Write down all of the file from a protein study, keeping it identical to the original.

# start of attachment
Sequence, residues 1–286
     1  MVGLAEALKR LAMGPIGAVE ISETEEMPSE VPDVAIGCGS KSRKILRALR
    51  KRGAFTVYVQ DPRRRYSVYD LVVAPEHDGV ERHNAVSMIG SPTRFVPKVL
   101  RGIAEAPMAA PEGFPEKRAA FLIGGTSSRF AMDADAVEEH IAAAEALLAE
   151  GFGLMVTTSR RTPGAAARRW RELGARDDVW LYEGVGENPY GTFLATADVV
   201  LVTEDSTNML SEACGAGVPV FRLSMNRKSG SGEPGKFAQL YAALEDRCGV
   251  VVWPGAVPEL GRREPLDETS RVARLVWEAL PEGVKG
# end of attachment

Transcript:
Sequence, residues 1–286
     1  MVGLAEALKR LAMGPIGAVE ISETEEMPSE VPDVAIGCGS KSRKILRALR
    51  KRGAFTVYVQ DPRRRYSVYD LVVAPEHDGV ERHNAVSMIG SPTRFVPKVL
   101  RGIAEAPMAA PEGFPEKRAA FLIGGTSSRF AMDADAVEEH IAAAEALLAE
   151  GFGLMVTTSR RTPGAAARRW RELGARDDVW LYEGVGENPY GTFLATADVV
   201  LVTEDSTNML SEACGAGVPV FRLSMNRKSG SGEPGKFAQL YAALEDRCGV
   251  VVWPGAVPEL GRREPLDETS RVARLVWEAL PEGVKG